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Six Dancehall Reggae Tracks No DJ Should Be Without

Dancehall is undoubtedly the most danceable subgenre reggae ever produced. It initially emerged in the late ‘70s as a leaner, bouncier version of the roots reggae sound that was popular at the time. But dancehall really came into its own in the early ‘80s when it went digital. It’s dancehall’s digital format that has given it more longevity than other forms of reggae, with a heyday that lasted from the late ‘70s through the mid ‘90s. Even today, dancehall endures with acts like Sean Paul and Elephant Man currently carrying the torch. Here now are six party rocking anthems from dancehall’s golden era, which no DJ should be without.

1. “Murder She Wrote” by Chaka Demus and Pliers
“Murder She Wrote” is a song about a girl named Maxine whose “beauty was like a bunch of rose,” although in actual fact, she has “a pretty face and bad character.” The song is constructed around a bouncing, driving digital dancehall rhythm that serves as the perfect vehicle for the hooky vocal exchanges of roughneck MC Chaka Demus and velvety smooth vocalist Pliers. The song was a hit in the UK and Jamaica when it was first released in 1994 and thanks in part to the artists performing it with Alicia Keys at a 2007 awards show, it’s stood the test of time well. “Murder She Wrote’s” heavily digitized beat allows it to be easily mixed in with anything from old school hip-hop to UK garage.

2. “Under Mi Sensi” by Barrington Levy
In 1984 Barrington Levy’s smooth-voiced dancehall ode to smoking ganja sounds surprisingly laidback for a song that clocks in at 151 BPMs. Perhaps its Levy’s cool and casual vocal style as he toasts and croons over a sparse guitar riff and a simple C minor reggae groove. “Under Mi Sensi” was a hit in the clubs as well as on the reggae charts in the UK and Jamaica when it was first released. The song’s infectious rhythm and Levy’s velvety vocal delivery as he sings about telling a cop who accuses him of having a “stick a sensi under (his) tam,” that “Mi only smoke cigarette an strictly shag,” have made “Under Mi Sensi” an enduring classic that still gets ‘em on the dance floor.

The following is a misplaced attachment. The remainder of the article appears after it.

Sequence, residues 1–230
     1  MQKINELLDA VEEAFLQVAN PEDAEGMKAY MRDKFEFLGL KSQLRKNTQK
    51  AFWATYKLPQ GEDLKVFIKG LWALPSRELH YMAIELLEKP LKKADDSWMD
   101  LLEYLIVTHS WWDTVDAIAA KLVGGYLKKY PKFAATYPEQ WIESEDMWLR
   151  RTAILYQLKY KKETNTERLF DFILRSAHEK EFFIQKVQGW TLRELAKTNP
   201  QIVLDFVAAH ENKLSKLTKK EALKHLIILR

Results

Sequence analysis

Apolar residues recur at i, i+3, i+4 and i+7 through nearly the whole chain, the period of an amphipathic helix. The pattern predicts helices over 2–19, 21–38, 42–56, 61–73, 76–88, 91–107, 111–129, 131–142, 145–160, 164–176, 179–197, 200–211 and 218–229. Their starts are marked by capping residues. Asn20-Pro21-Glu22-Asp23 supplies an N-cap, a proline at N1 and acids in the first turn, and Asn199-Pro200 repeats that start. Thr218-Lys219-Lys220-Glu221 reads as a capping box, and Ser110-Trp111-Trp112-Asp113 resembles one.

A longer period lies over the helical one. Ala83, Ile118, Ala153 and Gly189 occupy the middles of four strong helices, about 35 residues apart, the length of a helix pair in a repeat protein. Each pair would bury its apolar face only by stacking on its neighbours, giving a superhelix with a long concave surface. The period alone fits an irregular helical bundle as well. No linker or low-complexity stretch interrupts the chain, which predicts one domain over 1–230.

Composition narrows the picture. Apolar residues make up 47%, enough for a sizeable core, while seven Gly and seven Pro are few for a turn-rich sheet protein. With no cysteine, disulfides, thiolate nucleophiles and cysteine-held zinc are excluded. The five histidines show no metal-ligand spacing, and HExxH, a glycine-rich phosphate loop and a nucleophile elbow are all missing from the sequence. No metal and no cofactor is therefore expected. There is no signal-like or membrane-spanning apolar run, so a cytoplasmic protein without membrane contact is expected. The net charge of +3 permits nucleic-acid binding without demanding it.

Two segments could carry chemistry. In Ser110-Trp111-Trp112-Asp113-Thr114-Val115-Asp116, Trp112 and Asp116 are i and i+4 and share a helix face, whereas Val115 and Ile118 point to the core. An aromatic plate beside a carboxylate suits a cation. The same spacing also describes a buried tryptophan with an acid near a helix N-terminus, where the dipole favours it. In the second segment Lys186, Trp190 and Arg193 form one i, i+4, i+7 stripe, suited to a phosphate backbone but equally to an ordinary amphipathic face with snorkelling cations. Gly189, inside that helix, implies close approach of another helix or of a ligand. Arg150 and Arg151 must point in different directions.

3. “Uptown Top Ranking” by Althea & Donna
Althea Forest and Donna Reid may not have enjoyed longevity as a reggae vocal duo but the two did manage to record one stone cold dancehall classic in 1978 with “Uptown Top Ranking.” The song is more of a proper reggae track than many of the digital dancehall anthems that would follow. A full complement of players including bass, guitar, drums, organ and horns ride the riddim as Althea and Donna harmonize in a distinctly cool, almost affected manner about getting so done up to hit the town that to “Sey mi gi’ you heart attack.” With lyrics written in a heavy Jamaican patois, “Uptown Top Ranking” is positively loaded with vocal hooks punctuated by a punchy horn riff that makes the song all the more a potent when it comes to getting the dance floor moving.

4. “Bam, Bam” by Sister Nancy
“Bam, Bam” is a female voiced dancehall killer that, in what could be regarded as an understatement, was once described by the BBC as a “well-known reggae anthem.” Sister Nancy, widely regarded as the first female dancehall DJ, released the track back in 1982 when it was a massive hit. Unlike “Murder She Wrote,” which is a dancehall track from the ground up, musically “Bam, Bam” actually has more in common with dub than with dancehall. It relies on a sparse arrangement consisting of drums and bass augmented by occasional stabs of organ, guitar and reverb-drenched horns. But all that space leaves plenty of room for Sister Nancy and it’s her equally reverb-drenched, proto-yardy style vocals that make “Bam, Bam” such a heavyweight dancehall classic.

5. “Ring the Alarm” by Tenor Saw
Clive Bright aka Tenor Saw had a career that was cut all too short when he died at the age of 22. Before he was struck and killed by a speeding car in Houston back in 1988, however, Bright enjoyed a string of hits, the biggest and most enduring of which is this classic from 1985. Not to be confused with the Beyonce song of the same name, Tenor Saw’s “Ring the Alarm” is a dancehall track built around a funky dub groove over which Saw loosely rides the riddem, letting lyrics drop and milking the song’s catchy “Ring the Alarm/Not a sound is dying” vocal hook for all it’s worth. A little slower on the BPMs then some of the other tracks on this list, “Ring the Alarm” is perfect for laying back mid-set and giving the crowd something to catch their breath to.

6. “(You Don’t Love Me) No, No, No” by Dawn Penn
Released in 1994, this track is a true colossus of dancehall. The amazing thing about “(You Don’t Love Me) No, No, No” is how it manages to be slow and sultry while still clocking in at 169 BPMs. Much of it is down to the vocals of Penn, who got her start as a professional singer in the ‘60s and took 20 years off before recording “No, No, No.” The song tends to resonate strongly with female club goers who identify with Penn as she detachedly imparts a bitter tale of unrequited love. Male club goers on the other hand, are undoubtedly equally enticed by Penn as she sexily coos, “I’ll do anything you say boy,” over a rhythm that’s one part trip-hop, one part original ska and one part proto-UK garage. Whatever strange alchemy “No, No, No” may possess, one thing for sure is that this instantly recognizable classic has a powerful allure towards the dance floor whenever it’s dropped into a set.

By | 2016-12-02T15:27:04+00:00 October 21, 2011|Album Reviews|2 Comments
  • Mark Della Libera

    Wow, great selection!!

  • Mark Della-Libera

    The Fugees would be proud =o)